Hospitals don’t have to disclose cyberattacks for at least 60 days | #datingscams | #russianliovescams | #lovescams | #datingscams | #love | #relationships | #scams | #pof | | #dating

McLaren Health Care said it shut down the computer network at its 14 Michigan hospitals last week “out of an abundance of caution” after its information technology security team found suspicious activity during routine monitoring.

The outage, an employee and a patient told the Free Press, affected at least the organization’s billing systems and electronic medical records, and meant that workers at times had to use personal cellphones to communicate. McLaren, however, would not confirm specifically what systems were affected, whether patients’ protected health information was compromised or even when the security threat was first identified.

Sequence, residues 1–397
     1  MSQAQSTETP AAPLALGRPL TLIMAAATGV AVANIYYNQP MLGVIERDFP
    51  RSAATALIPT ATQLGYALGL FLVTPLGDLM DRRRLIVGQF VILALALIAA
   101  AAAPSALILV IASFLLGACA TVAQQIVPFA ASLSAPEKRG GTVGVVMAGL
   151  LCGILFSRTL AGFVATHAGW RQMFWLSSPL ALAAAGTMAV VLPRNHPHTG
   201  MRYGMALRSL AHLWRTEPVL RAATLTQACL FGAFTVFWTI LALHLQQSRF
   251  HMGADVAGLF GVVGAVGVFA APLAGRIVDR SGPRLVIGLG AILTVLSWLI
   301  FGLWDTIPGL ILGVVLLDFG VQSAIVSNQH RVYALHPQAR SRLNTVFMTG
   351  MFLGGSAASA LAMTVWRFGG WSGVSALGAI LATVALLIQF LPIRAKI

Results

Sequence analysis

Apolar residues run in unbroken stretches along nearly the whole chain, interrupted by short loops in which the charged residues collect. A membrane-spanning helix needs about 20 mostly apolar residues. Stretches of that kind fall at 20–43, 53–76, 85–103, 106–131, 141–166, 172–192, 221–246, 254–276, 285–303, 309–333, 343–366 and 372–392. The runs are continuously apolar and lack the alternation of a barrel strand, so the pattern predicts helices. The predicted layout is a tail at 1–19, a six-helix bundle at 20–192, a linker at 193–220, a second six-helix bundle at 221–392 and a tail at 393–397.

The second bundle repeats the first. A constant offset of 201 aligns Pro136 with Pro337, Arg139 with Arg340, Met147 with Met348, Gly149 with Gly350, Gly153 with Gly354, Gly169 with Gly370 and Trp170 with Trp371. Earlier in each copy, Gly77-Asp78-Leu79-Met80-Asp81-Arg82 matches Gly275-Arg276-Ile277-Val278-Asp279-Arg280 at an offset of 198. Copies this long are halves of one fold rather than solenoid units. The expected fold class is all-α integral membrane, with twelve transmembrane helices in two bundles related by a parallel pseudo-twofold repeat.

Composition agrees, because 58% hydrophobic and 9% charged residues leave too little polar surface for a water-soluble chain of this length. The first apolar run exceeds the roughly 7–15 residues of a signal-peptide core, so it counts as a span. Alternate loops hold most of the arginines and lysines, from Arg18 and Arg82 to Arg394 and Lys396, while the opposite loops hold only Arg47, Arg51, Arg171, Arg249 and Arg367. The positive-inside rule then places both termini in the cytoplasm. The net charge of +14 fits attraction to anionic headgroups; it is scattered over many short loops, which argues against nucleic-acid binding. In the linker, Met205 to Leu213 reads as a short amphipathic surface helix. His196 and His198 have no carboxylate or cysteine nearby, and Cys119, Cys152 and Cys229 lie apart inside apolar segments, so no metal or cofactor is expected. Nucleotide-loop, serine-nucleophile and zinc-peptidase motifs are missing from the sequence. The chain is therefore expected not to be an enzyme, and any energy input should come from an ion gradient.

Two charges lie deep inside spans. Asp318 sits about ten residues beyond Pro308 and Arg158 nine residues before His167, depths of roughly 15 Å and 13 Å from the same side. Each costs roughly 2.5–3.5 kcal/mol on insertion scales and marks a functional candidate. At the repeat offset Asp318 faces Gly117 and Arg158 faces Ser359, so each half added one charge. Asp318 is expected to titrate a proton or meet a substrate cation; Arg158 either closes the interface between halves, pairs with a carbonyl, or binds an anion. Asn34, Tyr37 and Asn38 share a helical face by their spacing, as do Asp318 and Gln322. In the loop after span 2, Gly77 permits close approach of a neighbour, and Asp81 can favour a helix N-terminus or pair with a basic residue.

Headquartered in Grand Blanc, McLaren is just the latest Michigan health system to face a growing threat caused by cyberattacks.

Consumers, though, can be kept in the dark unless private medical data is disclosed, and even then, organizations have 60 days to inform people.

“In recent years, increasingly sophisticated cyberattacks in the health care and public health sectors have posed alarming threats to people in Michigan and across the country,” U.S. Sen. Gary Peters, D-Mich., said during a March Homeland Security and Governmental Affairs Committee meeting.

“Cyberattacks on hospitals and other health care providers can cause serious disruptions to their operations and prevent them from effectively providing critical lifesaving care to their patients. Breaches can also lead to the exposure of sensitive personal and medical information of patients and health care personnel.”


Source link

National Cyber Security